This is the movie that cemented DiCaprio's status as a Hollywood megastar. Another romantic tragedy that involved lovers from opposite sides of the track, Titanic paired DiCaprio's poor artist with Kate Winslet's upper-class beauty.

The ship inevitably sinks (spoiler alert!) and another big-screen DiCaprio romance ends in tragedy.

Titanic was a monster hit at the box office, but it divided opinion among critics. Once again, Leo wasn't nominated, and his performance in Titanic wasn't impressive enough to earn him the Best Actor award.

8. The Departed (2006) 

In the mid-90s, Leo was a pretty boy who wouldn't have looked out of place with N-Sync or the Backstreet Boys. Then in the new millennium, Martin Scorsese started casting DiCaprio in roles involving gangsters, guns, and profanity.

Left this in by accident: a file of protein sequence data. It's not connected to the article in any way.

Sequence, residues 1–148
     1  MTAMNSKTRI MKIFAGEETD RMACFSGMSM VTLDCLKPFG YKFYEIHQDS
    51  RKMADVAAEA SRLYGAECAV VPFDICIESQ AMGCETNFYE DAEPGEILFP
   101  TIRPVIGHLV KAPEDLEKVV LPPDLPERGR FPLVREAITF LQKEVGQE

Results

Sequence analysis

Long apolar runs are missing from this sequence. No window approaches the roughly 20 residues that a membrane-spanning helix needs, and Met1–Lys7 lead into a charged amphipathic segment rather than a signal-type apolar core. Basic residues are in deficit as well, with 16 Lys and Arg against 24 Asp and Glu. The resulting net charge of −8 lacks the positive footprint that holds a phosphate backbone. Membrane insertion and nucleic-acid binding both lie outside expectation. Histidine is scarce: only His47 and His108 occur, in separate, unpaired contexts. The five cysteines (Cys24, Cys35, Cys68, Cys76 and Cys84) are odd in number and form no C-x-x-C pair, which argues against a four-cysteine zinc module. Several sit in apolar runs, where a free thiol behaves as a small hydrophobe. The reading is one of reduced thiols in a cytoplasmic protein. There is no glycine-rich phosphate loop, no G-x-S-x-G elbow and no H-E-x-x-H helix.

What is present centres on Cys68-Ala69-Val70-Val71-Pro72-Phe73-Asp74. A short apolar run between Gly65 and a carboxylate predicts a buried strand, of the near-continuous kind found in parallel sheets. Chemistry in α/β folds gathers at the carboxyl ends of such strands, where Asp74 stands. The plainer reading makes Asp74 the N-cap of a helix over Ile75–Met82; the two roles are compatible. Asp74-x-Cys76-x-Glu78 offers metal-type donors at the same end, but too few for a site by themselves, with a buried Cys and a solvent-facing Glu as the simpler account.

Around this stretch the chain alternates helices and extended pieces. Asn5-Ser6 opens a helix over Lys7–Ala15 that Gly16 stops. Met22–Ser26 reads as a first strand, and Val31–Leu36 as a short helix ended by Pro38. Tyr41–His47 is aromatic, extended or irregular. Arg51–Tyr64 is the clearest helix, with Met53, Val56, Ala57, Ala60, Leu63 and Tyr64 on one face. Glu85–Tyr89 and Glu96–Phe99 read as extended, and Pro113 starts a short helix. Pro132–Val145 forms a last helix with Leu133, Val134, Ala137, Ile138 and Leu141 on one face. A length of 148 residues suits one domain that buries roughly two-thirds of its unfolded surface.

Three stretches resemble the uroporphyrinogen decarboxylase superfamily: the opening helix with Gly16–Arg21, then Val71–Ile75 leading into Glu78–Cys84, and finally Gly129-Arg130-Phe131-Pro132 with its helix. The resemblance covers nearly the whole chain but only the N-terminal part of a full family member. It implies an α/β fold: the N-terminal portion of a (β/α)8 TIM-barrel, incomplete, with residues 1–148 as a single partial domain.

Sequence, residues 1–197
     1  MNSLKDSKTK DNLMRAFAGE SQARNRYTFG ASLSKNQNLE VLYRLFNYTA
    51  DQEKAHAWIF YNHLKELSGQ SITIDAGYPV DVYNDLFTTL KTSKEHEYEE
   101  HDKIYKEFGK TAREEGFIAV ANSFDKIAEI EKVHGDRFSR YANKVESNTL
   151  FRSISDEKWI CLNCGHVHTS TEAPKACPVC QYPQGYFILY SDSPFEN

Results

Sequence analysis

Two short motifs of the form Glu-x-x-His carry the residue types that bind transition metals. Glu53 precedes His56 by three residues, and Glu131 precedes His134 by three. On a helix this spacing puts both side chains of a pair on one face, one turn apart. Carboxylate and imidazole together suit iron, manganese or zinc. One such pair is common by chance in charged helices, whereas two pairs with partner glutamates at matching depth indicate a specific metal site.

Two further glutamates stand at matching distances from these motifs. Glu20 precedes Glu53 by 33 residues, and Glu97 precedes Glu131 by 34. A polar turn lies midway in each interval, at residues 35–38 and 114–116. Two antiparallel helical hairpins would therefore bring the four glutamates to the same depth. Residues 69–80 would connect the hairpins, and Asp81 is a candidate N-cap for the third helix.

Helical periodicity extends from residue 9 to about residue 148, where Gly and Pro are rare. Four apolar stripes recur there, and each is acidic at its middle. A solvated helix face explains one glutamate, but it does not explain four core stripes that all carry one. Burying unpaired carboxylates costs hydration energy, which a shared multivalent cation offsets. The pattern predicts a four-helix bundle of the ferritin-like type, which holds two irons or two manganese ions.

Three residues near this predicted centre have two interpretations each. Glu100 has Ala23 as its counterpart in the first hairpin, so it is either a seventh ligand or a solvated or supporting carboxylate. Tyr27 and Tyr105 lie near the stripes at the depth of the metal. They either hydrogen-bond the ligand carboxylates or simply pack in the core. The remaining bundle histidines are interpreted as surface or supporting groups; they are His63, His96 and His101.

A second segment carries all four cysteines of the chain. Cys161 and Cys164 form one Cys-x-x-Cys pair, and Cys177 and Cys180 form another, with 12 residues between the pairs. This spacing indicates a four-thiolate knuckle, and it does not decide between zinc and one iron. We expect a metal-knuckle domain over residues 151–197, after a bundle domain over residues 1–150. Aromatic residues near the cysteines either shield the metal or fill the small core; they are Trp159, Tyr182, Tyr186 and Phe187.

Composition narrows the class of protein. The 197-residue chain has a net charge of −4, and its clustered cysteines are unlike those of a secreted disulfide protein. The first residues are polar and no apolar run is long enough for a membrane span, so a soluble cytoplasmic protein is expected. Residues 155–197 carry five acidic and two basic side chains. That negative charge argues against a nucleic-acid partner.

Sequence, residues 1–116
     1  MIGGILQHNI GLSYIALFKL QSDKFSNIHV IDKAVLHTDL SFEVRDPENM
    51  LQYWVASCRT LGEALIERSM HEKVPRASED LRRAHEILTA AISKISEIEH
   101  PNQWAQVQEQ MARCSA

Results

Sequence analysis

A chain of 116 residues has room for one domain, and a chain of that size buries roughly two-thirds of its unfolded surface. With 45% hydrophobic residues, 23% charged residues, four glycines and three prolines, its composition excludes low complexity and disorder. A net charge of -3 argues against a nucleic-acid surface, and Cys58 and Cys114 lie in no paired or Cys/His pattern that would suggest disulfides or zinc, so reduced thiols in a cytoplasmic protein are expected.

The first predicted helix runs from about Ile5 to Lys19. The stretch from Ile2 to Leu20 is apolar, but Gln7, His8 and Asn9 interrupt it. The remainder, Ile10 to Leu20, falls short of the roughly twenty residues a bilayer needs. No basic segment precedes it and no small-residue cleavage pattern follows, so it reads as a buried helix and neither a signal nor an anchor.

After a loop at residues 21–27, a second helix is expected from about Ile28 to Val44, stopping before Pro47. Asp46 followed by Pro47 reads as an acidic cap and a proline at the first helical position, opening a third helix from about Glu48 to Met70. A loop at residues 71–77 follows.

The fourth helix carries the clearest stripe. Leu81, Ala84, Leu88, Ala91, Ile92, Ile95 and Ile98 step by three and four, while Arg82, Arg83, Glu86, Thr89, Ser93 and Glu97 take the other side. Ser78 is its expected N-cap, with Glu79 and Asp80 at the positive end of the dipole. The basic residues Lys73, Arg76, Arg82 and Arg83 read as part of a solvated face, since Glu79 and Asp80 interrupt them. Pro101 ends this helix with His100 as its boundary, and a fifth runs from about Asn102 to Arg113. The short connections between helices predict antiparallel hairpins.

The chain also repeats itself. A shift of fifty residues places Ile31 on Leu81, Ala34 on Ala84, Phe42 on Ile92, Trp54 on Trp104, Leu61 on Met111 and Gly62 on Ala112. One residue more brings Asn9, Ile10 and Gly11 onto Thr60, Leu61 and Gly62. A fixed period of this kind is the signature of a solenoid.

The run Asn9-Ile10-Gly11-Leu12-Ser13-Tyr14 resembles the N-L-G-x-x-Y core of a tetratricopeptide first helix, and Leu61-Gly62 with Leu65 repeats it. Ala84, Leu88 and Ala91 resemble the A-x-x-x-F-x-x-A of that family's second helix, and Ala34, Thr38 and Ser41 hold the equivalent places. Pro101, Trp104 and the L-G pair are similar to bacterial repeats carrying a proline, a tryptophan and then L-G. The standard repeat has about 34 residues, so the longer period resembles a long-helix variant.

DiCaprio would never be seen the same way again. The Departed is the Scorsese/DiCaprio movie that is most similar to the classic gangster movies for which Scorsese is best known. DiCaprio stars alongside a stellar cast, including Jack Nicholson, Matt Damon and Mark Walberg, in a crazily complicated crime story set in Boston.

Scorsese, who suffered a curse similar to DiCaprio's, had never won an Oscar until The Departed, for which he received the Best Director award. However, DiCaprio wasn't even nominated for Best Actor. Well, not for The Departed.

7. Blood Diamond (2006)